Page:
Boatswain Lord Byron's beloved Newfoundland Dog

Boatswain Lord Byron's beloved newfoundland dog died at the age of only five years after contracting rabies.

The famous poet is reputed to have said at the time: "he expired in a state of madness on the 18th after suffering much, yet retaining all the gentleness of his nature to the last; never attempting to do the least injury to any one near him. I have now lost everything"

The poet is reported to have nursed the dog throughout his illness, without fear of being bitten and contracting the awful disease himself.

Near this Spot are deposited the Remains of one who possessed Beauty without Vanity, Strength without Insolence, Courage without Ferosity, and all the virtues of Man without his Vices. This praise, which would be unmeaning Flattery if inscribed over human Ashes, is but a just tribute to the Memory of BOATSWAIN, a DOG, who was born in Newfoundland May 1803 and died at Newstead Nov. 18, 1808.

Lord Byron Newfoundland Dog

Lord Byron wrote Epitaph to a Dog which is inscribed on Boatswain's tomb

When some proud Son of Man returns to Earth,
Unknown by Glory, but upheld by Birth,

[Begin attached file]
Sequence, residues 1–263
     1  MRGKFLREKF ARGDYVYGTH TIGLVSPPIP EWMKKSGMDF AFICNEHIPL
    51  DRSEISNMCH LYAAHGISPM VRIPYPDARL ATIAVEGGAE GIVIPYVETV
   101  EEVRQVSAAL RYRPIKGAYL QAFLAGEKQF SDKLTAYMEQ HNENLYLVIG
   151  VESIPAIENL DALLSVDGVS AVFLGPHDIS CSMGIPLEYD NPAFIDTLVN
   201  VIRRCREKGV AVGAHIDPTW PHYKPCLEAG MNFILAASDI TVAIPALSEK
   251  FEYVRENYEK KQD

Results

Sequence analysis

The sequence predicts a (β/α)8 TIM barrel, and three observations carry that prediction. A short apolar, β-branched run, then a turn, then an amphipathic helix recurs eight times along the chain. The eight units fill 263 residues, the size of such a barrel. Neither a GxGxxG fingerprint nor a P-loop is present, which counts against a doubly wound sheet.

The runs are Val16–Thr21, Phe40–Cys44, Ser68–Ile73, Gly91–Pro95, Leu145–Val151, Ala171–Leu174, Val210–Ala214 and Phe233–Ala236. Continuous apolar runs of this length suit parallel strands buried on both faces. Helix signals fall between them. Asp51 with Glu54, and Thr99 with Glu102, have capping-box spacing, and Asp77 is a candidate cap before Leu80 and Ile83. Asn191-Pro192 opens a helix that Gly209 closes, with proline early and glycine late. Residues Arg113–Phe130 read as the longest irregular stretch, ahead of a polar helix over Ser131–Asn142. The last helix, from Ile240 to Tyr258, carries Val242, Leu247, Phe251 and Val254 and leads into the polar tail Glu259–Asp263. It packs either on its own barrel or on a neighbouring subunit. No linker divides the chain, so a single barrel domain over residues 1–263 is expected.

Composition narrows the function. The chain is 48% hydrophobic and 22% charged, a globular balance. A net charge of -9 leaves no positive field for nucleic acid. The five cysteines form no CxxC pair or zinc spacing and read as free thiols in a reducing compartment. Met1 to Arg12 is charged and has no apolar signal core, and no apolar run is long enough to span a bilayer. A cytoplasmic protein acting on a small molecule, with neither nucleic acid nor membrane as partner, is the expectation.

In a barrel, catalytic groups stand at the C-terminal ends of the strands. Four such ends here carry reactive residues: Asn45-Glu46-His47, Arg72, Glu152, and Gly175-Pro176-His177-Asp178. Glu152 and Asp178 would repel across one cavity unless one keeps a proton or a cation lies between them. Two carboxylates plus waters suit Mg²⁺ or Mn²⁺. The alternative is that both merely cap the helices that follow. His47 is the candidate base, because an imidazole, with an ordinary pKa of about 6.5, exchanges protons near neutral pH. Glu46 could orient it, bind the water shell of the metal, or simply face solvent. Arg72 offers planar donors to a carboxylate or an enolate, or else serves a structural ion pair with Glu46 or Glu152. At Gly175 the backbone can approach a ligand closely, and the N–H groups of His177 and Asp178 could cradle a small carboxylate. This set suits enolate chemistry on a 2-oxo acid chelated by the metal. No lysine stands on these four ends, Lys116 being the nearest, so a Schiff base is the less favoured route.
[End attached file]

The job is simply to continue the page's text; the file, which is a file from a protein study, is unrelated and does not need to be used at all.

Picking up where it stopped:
The sculptor's art exhausts the pomp of woe,
And storied urns record who rests below.
When all is done, upon the Tomb is seen,
Not what he was, but what he should have been.
But the poor Dog, in life the firmest friend,
The first to welcome, foremost to defend,
Whose honest heart is still his Master's own,
Who labours, fights, lives, breathes for him alone,
Unhonoured falls, unnoticed all his worth,
Denied in heaven the Soul he held on earth -
While man, vain insect! hopes to be forgiven,
And claims himself a sole exclusive heaven.
Oh man! thou feeble tenant of an hour,
Debased by slavery, or corrupt by power -
Who knows thee well must quit thee with disgust,
Degraded mass of animated dust!
Thy love is lust, thy friendship all a cheat,
Thy tongue hypocrisy, thy heart deceit!
By nature vile, ennobled but by name,
Each kindred brute might bid thee blush for shame.
Ye, who perchance behold this simple urn,
Pass on - it honors none you wish to mourn.
To mark a friend's remains these stones arise;
I never knew but one - and here he lies.

In his Will, executed in 1811, Byron instructs that he be buried in the vault with Boatswain. In fact the dog's tomb at Newstead Abbey, is bigger than Byron's own.

From Boatswain Lord Byron to Newfoundland Dog Stories

From Boatswain Lord Byron to Gentle Newfoundland Dogs